A Wyoming nuclear power plant has been delayed by at least two years because of a shortage of special fuel which is only available from Russia.

TerraPower, founded by Bill Gates, said a 345MW nuclear demonstration plant to be built in Kemmerer, Wyoming, would be delayed because of difficulty in getting the enriched uranium fuel it needs. The plant is backed by the US Department of Energy (DOE).

terrapower nuclear plant wyoming.webp
– TerraPower

The delays add to an already somewhat-distant date for the project, which was already not due to open till 2028.

TerraPower is due to begin construction during 2023, however the site still has a working coal-fired power station that is not due to shut down till 2025.

TerraPower is one of a number of companies proposing small, modular nuclear reactors (SMRs) as a clean energy technology to displace fossil fuels. The problem is that small reactors tend to require higher-density fuel - uranium which has been enriched to contain a higher percentage of U-235, the isotope which can take part in fission reactions. This fuel can currently only be sourced from Russia.

Nuclear reactors generally use low-enriched uranium, with less than 20 percent U-235 - and most can run with fuel containing less than five percent U-235. TerraPower, and some other SMR proponents, require "high-assay low-enriched uranium" (HALEU) fuel, at the high end of that spectrum with close to 20 percent fissile material.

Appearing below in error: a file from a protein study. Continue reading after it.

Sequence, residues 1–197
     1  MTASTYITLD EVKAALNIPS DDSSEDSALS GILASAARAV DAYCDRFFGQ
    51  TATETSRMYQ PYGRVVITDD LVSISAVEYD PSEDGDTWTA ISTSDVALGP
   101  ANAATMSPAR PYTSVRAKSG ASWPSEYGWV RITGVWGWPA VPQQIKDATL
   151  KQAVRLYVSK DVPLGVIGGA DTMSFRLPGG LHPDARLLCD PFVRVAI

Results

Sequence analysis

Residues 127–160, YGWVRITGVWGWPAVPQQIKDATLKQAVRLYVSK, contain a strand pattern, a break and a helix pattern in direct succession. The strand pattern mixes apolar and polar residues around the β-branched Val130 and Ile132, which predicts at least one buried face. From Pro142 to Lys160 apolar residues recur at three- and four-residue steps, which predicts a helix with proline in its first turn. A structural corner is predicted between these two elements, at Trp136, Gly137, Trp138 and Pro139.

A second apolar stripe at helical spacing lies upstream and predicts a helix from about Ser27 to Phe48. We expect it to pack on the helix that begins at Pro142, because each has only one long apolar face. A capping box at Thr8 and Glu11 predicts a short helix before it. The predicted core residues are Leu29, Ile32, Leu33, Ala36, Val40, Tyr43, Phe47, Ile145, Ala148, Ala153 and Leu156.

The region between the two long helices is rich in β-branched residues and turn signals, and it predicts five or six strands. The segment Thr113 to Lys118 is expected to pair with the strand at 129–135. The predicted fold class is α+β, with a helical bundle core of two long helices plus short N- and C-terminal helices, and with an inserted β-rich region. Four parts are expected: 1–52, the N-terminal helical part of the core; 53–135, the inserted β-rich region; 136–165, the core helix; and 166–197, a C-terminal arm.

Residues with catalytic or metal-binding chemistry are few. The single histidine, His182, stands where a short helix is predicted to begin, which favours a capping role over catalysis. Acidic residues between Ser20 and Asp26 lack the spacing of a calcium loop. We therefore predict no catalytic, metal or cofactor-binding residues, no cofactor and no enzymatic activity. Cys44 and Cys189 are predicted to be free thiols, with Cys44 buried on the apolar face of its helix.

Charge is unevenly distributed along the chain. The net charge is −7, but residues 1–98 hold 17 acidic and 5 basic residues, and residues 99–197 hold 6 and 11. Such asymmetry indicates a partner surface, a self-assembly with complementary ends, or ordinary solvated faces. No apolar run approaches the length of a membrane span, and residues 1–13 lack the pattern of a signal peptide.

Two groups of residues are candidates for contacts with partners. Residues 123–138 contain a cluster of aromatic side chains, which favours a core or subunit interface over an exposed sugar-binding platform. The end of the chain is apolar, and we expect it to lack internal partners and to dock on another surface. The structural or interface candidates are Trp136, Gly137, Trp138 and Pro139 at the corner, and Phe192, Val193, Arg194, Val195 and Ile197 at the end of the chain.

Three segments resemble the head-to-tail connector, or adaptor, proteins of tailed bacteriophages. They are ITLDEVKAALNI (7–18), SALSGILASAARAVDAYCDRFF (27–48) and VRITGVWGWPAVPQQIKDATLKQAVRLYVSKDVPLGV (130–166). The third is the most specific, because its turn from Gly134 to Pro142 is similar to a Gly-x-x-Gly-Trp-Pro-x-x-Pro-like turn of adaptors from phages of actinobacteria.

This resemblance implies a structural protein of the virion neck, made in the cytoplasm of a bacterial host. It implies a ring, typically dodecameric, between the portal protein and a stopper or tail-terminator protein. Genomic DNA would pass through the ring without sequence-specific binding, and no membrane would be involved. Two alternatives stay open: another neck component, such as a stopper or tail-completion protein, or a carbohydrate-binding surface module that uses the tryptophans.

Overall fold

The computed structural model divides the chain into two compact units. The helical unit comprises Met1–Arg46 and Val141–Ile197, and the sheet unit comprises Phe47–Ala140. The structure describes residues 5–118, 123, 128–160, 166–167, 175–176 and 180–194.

Both the US-based NuScale, and the UK's Rolls-Royce can operate with normal LEU.

Russia has a monopoly on HALEU production, although the US is making efforts to break that, with an urgent project "downblending," or diluting some weapons-grade uranium, that has more than 80 percent of the fissionable isotope, to produce HALEU.

Another DOE-backed company, Centrus Energy, has a license to enrich uranium to HALEU levels at a plant in Piketon Ohio, but is a couple of years from delivering fuel.

"Russia’s invasion of Ukraine caused the only commercial source of HALEU fuel to no longer be a viable part of the supply chain for TerraPower, as well as for others in our industry," TerraPower.CEO Chris Levesque said, in an announcement reported by Wyoming Public Radio and others. "TerraPower is anticipating a minimum of a two-year delay to being able to bring the Natrium reactor into operation," he said.

Wyoming Republican Senator John Barrasso responded with a call for the US to become independent in HALEU: “TerraPower’s announcement underscores what I’ve been saying for years: America must reestablish itself as the global leader in nuclear energy. Instead of relying on our adversaries like Russia for uranium, the United States must produce its own supply of advanced nuclear fuel."

Barrasso has introduced a bill to expand HALEU production in the US. He added: "The Biden administration must consider and implement every available option to make sure TerraPower’s Natrium reactor is fueled with American-made fuel.”

Get a monthly roundup of Sustainability news, direct to your inbox.